Wael’s legal team, led by veteran defense lawyer Jason Shapiro and David Zwanetz, attacked the prosecution’s case as unsubstantiated by facts. Wael left the mall without Wasel after waiting for him in the parking lot. He did not, they said, kill his brother.
“There is no motive present for Wael to kill his twin brother, his best friend, and his flesh and blood,” Zwanetz said in his opening statement.
But prosecutors argued that there were 25 minutes that were unaccounted for after Wael left the mall. No cellphone calls. No one interviewed by police had seen him.
By the time Wael was questioned by detectives, his brother had been buried in a white shroud according to Muslim ritual. Jurors watched a videotape of the interview, which took place eight days after Wasel’s body was found.
“Did you kill him?” one detective asks. “Let us help you if you help us. We’ll be helping each other, right?”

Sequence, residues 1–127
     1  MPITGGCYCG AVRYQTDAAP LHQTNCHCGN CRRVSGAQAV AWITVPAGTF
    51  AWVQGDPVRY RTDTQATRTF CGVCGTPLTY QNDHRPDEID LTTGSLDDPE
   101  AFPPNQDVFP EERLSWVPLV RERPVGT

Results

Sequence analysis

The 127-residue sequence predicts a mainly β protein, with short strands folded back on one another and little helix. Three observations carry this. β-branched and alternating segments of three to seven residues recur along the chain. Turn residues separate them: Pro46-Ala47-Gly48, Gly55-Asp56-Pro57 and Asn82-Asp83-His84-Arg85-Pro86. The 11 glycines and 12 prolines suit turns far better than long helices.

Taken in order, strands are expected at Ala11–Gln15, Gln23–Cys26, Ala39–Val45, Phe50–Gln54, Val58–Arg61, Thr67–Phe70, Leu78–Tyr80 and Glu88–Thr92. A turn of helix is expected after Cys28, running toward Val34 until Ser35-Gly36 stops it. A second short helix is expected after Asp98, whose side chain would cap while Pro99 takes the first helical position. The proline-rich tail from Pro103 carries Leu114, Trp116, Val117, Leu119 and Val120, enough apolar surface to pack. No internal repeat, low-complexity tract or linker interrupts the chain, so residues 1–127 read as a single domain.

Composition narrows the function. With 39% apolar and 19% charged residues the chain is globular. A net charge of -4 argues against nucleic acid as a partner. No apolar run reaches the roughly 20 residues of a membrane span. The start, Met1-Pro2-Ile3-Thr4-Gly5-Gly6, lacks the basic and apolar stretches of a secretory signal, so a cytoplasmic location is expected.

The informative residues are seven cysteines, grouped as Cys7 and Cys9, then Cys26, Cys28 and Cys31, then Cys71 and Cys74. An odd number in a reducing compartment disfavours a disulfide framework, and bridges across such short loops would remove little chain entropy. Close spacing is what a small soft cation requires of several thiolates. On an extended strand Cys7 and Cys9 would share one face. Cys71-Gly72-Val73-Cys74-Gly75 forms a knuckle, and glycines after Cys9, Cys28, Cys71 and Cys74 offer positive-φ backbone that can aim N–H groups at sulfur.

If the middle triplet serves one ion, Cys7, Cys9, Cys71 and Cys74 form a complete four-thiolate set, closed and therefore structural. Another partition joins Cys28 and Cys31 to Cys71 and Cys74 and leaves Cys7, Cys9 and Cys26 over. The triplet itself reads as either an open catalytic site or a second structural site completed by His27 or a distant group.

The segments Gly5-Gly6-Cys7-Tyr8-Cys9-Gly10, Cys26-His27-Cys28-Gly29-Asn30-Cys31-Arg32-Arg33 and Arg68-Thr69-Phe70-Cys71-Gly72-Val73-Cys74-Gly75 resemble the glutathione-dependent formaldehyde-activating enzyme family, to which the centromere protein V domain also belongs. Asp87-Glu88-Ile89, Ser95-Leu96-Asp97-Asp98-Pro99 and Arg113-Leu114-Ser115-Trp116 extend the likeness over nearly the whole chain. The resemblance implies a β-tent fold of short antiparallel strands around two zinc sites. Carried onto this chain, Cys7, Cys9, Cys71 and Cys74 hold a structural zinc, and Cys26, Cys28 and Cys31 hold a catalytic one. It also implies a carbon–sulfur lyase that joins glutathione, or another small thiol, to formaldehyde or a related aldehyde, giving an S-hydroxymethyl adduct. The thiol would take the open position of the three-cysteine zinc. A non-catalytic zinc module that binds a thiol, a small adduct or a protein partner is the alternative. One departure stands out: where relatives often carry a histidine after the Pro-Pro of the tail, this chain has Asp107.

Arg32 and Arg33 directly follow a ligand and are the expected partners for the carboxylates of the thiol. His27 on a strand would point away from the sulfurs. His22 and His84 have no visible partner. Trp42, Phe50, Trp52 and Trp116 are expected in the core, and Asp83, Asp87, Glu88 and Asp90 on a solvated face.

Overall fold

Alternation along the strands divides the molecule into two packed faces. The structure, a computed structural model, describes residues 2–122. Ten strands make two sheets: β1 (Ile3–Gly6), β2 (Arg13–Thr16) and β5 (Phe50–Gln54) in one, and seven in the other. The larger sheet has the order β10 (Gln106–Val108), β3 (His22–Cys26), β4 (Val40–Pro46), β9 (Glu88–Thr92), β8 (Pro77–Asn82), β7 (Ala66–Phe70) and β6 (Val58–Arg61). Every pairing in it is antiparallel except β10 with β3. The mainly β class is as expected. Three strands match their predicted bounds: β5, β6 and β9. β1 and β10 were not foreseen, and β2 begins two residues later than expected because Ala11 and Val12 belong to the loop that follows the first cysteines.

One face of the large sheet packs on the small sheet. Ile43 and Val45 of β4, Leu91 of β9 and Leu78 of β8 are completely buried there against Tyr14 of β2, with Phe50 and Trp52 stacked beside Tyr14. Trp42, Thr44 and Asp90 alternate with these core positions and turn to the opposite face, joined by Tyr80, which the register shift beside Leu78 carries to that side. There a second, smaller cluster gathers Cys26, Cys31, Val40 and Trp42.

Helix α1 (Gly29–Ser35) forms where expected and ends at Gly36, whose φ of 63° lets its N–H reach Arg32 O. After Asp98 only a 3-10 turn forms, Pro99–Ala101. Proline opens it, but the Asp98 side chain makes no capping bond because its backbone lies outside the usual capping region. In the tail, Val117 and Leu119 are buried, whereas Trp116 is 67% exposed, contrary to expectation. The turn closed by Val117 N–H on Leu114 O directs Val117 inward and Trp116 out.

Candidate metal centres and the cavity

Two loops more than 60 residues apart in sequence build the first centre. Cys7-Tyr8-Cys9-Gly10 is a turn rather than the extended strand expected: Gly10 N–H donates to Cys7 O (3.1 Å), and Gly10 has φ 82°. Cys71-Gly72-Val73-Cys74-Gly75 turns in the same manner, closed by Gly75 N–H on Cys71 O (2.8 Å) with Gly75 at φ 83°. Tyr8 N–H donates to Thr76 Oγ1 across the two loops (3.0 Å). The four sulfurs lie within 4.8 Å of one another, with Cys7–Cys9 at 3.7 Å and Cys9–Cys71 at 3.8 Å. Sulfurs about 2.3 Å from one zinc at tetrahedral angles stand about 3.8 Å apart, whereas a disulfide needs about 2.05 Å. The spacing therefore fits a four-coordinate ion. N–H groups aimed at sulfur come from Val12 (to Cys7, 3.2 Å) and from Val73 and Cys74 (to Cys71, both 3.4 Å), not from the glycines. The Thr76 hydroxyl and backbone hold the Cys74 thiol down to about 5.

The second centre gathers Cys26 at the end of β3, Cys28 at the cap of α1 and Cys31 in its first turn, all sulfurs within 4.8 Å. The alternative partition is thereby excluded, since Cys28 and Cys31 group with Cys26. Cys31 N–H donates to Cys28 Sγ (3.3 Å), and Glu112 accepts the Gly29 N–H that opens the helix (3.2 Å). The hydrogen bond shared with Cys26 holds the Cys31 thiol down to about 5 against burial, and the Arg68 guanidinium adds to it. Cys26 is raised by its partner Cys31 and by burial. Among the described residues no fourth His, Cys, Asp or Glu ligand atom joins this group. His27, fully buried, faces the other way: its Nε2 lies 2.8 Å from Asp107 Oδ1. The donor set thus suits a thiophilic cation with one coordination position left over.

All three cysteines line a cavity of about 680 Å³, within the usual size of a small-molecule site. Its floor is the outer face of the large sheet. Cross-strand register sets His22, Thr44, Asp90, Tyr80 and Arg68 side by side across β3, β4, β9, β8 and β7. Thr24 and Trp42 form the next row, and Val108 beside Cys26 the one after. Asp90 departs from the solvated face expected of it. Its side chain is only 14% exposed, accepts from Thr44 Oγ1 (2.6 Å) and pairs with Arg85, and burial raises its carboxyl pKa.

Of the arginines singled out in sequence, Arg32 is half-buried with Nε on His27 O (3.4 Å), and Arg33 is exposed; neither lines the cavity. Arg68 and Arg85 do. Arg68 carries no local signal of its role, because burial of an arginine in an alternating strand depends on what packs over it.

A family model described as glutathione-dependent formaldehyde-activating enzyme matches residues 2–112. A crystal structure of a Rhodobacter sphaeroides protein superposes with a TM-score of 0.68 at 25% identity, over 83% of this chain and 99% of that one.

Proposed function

Wael sobs loudly. Several times, he denies killing his brother.
“Why do you keep asking me that?” he pleads.
* * *
The case went cold.
Wael spent a couple years in a deep depression. “For a long time, I said that day I died, too,” Wael says. “I stopped caring for a lot of things. I stopped wanting to be happy for a long time.”
In 2009, he moved to the Atlanta area with his mother and sister. They were opening a Mediterranean restaurant, and he was starting college at American Intercontinental University Atlanta. His major: criminology.
“I wanted to know about the criminal mind,” he explains.
That same year, Howard’s cold-case investigator, Nick DeCarlo, was assigned an unsolved crime: the death of Wasel Ali.
DeCarlo reinterviewed Wael’s friends and reviewed cellphone records, trying to pin down what Wael was doing in those unaccounted-for 25 minutes after he left the mall. He thought it was suspicious that after those minutes went by, Wael started repeatedly calling Wasel’s girlfriend and other friends, asking whether anyone knew where his brother was.
In August 2010, Wael agreed to meet with DeCarlo during a visit home to Columbia. The jury listened to a tape of their encounter in a police interrogation room.
“You don’t know what it’s like to lose a twin brother,” Wael tells DeCarlo. “Please do not insult me and come at me as a suspect. I have been through hell and back. . . . There is no reason why I want my brother’s killer to just be out there walking the streets.”
“Neither do I,” DeCarlo replies.